One small alteration which we may want to include, is that the useLayoutEffect will run every time the component mounts or updates. In most cases, the first render measure will differ from the following renders. Subsequent renders take advantage of optimisations in the React reconciliation algorithm, such as memoization; while often, if the component needs to fetch data, the first render does not include the data as this is fetched in the following useEffect. We may thereore want to eliminate first-render from our component. This could be done by updating our MeasureRender to use the useRef hook.

Primarily, useRef is used to store references to the DOM, but it's more than that and can be used as a mutable object that persists across re-renderings, similarly to setState. However, differently to setState, useRef does not trigger a re-render whenever its value is changed. This results in the following:

In the snippet above, you may notice that we added isMountedRef which is default to false. This will be used to tell us whether our component has already been mounted or not. Therefore inside useLayoutEffect we set it to true if previously it was false. This value will persist inside isMountedRef.current and therefore we will no longer skew our metrics with mount.

Asynchronous rendering...

How React is rendering components can be easily illustrated by having two or more instances of the component you want to measure. If you place a logpoint on each performance.mark(`${id}:Render:Start`) you will notice that it will create the Start marks for each component before it reaches the first End mark. You would also notice that the components which are placed first in the tree will have a longer render time compared to their siblings placed at the end of the tree. This is because of the "depth-first" traversal.

React Async Rendering
React Async Rendering Example

In the example above, assuming a prop which is passed down from App to MyComponentA and MyComponentB has changed, during the render phase, React will call beginWork on App, followed by MyComponentA, MyComponentB and finally MyComponentC. In our MeasureRender component, this means that performance.mark(`${id}:Render:Start`) would be called in that sequence too. On the contrary, completeWork will be called in this order: MyComponentA (no children), MyComponentC, MyComponentB (waiting for MyComponentC to call completeWork) and finally App (which was waiting for MyComponentA and MyComponentB to call completeWork). As a result, our measurements for each component would vary greatly, even if they do the same amount of work as the performance.mark(`${id}:Render:Start`) is called in sequence, while the performance.mark(`${id}:Render:End`) is called at the start of the commit phase, which would happen after the render() of all components. To get a meaningful measurement, we would place the MeasureRender within the App component (in this example) where the prop change originates.

I have also implemented an class component equivalent using the static method getDerivedStateFromProps() which is called right before the render method and getSnapshotBeforeUpdate() (GitHub issue); which is "invoked right before the most recently rendered output is committed". The results are slightly more accurate, mostly due to getSnapshotBeforeUpdate() being called earlier (the first function being called in commitRoot) than the useLayoutEffect hook.

Note that we do not return the children any longer as we felt that this was confusing and made it seem like we are only measuring the render time of the children, when we are measuring the render time of all components which update as a result of our prop change.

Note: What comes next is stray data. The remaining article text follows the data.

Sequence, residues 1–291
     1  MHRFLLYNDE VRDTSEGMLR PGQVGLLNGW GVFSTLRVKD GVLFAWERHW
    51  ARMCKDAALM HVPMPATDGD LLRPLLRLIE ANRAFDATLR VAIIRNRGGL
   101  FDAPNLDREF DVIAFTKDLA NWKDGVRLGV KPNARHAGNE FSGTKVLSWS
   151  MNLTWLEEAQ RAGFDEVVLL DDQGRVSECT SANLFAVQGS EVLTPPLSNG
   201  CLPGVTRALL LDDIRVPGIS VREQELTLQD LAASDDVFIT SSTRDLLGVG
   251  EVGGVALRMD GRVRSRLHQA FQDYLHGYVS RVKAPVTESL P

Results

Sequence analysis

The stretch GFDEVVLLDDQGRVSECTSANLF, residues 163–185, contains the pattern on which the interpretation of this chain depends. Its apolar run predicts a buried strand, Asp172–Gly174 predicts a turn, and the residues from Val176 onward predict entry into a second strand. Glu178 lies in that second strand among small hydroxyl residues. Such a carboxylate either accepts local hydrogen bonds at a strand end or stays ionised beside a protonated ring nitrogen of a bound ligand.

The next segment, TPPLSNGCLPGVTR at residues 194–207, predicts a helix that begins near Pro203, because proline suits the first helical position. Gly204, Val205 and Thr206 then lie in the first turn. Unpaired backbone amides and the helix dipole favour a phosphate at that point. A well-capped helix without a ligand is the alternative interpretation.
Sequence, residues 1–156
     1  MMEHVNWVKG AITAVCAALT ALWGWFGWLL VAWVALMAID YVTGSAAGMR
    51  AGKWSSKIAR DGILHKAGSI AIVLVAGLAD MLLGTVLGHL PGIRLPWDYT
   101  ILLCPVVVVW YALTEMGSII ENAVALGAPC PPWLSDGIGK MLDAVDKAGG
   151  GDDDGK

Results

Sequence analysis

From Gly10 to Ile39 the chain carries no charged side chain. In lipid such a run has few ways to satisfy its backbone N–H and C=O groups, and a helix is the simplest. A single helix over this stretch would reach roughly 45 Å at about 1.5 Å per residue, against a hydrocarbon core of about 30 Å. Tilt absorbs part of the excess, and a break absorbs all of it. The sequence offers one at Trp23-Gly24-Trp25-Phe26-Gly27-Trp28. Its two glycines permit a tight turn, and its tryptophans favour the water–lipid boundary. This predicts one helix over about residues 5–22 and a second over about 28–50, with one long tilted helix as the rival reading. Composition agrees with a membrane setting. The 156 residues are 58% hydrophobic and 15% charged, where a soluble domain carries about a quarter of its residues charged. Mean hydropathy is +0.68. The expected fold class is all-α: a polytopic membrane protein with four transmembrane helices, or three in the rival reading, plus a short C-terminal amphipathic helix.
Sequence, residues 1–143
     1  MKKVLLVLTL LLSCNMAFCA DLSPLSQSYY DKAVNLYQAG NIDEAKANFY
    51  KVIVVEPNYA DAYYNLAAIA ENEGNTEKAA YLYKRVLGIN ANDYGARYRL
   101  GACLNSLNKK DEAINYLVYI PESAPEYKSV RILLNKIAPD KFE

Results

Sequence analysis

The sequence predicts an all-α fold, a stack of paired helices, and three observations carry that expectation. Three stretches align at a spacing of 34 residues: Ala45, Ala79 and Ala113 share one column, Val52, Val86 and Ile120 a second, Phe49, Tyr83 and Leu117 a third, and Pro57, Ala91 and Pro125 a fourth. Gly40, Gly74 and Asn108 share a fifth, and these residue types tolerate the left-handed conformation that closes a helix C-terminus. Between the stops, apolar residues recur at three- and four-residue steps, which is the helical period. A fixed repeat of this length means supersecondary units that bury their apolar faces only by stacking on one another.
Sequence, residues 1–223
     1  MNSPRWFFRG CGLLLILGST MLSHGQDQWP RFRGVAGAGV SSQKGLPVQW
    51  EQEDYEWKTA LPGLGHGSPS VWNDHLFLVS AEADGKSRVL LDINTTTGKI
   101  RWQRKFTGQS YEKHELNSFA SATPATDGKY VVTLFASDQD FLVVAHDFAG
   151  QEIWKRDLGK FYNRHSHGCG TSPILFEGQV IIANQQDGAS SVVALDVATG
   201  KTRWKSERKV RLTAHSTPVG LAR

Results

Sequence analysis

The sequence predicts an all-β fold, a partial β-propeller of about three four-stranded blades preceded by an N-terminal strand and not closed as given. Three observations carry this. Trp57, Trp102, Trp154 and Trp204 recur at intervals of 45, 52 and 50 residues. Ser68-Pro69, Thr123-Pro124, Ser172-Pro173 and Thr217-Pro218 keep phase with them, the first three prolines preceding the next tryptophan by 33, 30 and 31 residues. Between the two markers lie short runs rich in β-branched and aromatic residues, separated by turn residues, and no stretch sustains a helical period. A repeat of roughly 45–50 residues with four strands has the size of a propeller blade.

OK, it works!

Fortunately (!), this was quite a bumpy ride; as a result of which I have better understood the React reconciliation algorithm. Testing this performs as expected, with very little margin of error when compared to the React Profiler and always returning consistent results.

To rAF or not to rAF?

When measuring the performance of JavaScript functions which update the DOM, we might want to include time spent on layout and paint, denoted by the purple and green bars on Chrome DevTools's performance tab.

(Note: These are not included in React Profiler's onRender callback.)

Excluding rAF
Excluding Layout and Paint in Chrome DevTools

The widely accepted solution is to use a combination of requestAnimationFrame and setTimeout. According to the HTML5 spec, requestAnimationFrame fires before style and layout are calculated (although on Safari it fires after 🙄). We therefore include setTimeout to take us to the end of the event queue, which will occur after style, layout & paint.

rAF
rAF + setTimeout

As shown in the figure above, we are now including the style, layout & paint in our User Timing measurements. Hooray? Not quite. As we already know, React flushes all changes to the DOM at one go? This means that if we have an interaction which updates the DOM in two distinct components, the two measures will start at the same time but end together, including the render, layout and paint time of both components together. In our case we opted against using rAF + setTimeout and only exclude layout & paint, but I will look into this further over the coming weeks.

Conclusion

Whoa, was that was more than I bargained for! But as a result, I definitely understand the React reconciliation algorithm better than I did at the start of writing this component and I can apply this knowledge beyond performance measures.

What about usage of the component itself; do I use it? I have been using this component on the production environment for a handful of applications and I am monitoring its behaviour to assess its reliability. So far it has proven satisfactory as I am very familiar with the rest of the codebase and I know exactly what I am measuring. Would I recommend you to use it? Probably not. As I learnt the hard way, it is important to understand what you are measuring and to confirm that you are measuring correctly by comparing this against a trusthworty standard (the React Profiler in my case). If you take the time to try and implement your own measures, I am optimistic that you will understand your code's performance and reconciliation in greater detail than by applying the onRender callback; as an incorrect implementation will result in incorrect measurements and understanding why the measures differ may take you down roads you haven't explored before.

That's all for today. Please reach out to me on Twitter with any feedback or suggestions.

Check out the demo!